days two hundred and one thru two hundred and four: april 7, 2016 thru april 10, 2016
On the 7th, we spent the day in transit on trains and boats making our way south to Teshima Island. Every three years, there is an art exhibition called the Setouchi Triennale. We had been told by friends of friends that Naoshima Island was a must visit if we had the time. After doing some research we discovered that Naoshima is just one of the islands in the Seto Inland Sea that houses permanent and temporary art installations. With our last minute planning we were only able to find one option for accommodations on any of the islands and to our pleasant surprise, it was an awesome AirBnB experience with Kazu Hide, a Teshima local who had returned home to grow and sell fruits and vegetables while also managing a small homestay. He was an excellent host and hosted us each night with tea and great conversation. He also cooked dinner for us one of the nights and it was quite exceptional.
After our arrival, he picked us up at the port and drove us around Teshima showing us the different art installations and where they were. He also showed us where the local restaurants were (only a few) and after we cleaned up and got settled he drove us into the center of town and dropped us off to eat dinner and returned to pick us up afterwards. The next morning he loaned us bicycles and we rode down into town together where he had arranged for us to rent electric bicycles to ride around the island.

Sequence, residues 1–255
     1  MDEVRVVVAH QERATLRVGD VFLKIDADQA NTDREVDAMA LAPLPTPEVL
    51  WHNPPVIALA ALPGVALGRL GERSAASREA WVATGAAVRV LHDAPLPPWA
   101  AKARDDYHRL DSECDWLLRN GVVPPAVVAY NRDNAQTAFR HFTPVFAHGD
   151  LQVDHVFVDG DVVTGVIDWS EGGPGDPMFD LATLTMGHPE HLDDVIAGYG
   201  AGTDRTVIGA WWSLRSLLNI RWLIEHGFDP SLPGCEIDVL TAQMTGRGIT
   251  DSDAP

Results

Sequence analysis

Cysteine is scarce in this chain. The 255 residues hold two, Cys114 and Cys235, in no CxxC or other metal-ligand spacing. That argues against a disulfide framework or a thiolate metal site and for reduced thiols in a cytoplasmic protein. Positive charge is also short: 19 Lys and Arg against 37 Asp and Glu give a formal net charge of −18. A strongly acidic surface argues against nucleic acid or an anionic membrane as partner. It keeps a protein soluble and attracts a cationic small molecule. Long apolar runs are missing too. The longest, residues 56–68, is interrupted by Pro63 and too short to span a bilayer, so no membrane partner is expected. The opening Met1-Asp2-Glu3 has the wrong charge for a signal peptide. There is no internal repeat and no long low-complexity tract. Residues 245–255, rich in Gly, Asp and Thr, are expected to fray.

One of our first stops was Teshima Art Museum, which is a permanent architectural installation that Teshima is most famous for. No photos were allowed inside the museum, but Jonathan did sneak the photo below. The installation is a cavernous cement structure with two circular openings with polished floors. Thru micropores in the floors small beads of water form and travel across the surface. Sound echoes in the large room so everyone is asked to stay silent. We both sat and walked around the room watching the water move from one place to another in the peaceful silence.
Without many eating options on the island we managed to find a small shop along the way that allowed us to make our own onigiri rice balls for a small price.
After our snack we continued to explore the island stopping at different installations along the way.
Two days later, we packed up and headed out on an early morning ferry to Naoshima. Most of the museums did not allow photos, so we did get to enjoy them without the pressure of trying to take any photos.
Of course, Jonathan did sneak a photo as we entered the gallery that housed several Monet paintings.
Later that afternoon we headed out on the last ferry to Takamatsu to spend the night before heading back north to Osaka. Takamatsu was a sleepy city, but we did manage to find some good food and watch a nice sunset.